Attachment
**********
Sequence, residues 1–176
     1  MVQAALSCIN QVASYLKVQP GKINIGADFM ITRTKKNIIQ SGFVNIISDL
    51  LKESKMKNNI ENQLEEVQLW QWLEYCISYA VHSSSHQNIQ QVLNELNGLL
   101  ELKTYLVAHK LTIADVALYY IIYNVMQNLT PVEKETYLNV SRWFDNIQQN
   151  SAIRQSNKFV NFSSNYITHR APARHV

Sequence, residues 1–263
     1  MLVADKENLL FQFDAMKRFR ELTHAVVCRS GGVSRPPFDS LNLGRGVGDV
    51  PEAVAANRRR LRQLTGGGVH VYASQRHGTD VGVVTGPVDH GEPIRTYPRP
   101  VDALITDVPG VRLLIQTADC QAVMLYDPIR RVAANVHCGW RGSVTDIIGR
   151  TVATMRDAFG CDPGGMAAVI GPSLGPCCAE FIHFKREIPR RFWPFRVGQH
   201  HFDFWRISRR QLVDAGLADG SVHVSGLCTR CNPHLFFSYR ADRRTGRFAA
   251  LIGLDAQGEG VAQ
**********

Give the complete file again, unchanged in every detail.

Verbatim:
Sequence, residues 1–176
     1  MVQAALSCIN QVASYLKVQP GKINIGADFM ITRTKKNIIQ SGFVNIISDL
    51  LKESKMKNNI ENQLEEVQLW QWLEYCISYA VHSSSHQNIQ QVLNELNGLL
   101  ELKTYLVAHK LTIADVALYY IIYNVMQNLT PVEKETYLNV SRWFDNIQQN
   151  SAIRQSNKFV NFSSNYITHR APARHV

Sequence, residues 1–263
     1  MLVADKENLL FQFDAMKRFR ELTHAVVCRS GGVSRPPFDS LNLGRGVGDV
    51  PEAVAANRRR LRQLTGGGVH VYASQRHGTD VGVVTGPVDH GEPIRTYPRP
   101  VDALITDVPG VRLLIQTADC QAVMLYDPIR RVAANVHCGW RGSVTDIIGR
   151  TVATMRDAFG CDPGGMAAVI GPSLGPCCAE FIHFKREIPR RFWPFRVGQH
   201  HFDFWRISRR QLVDAGLADG SVHVSGLCTR CNPHLFFSYR ADRRTGRFAA
   251  LIGLDAQGEG VAQ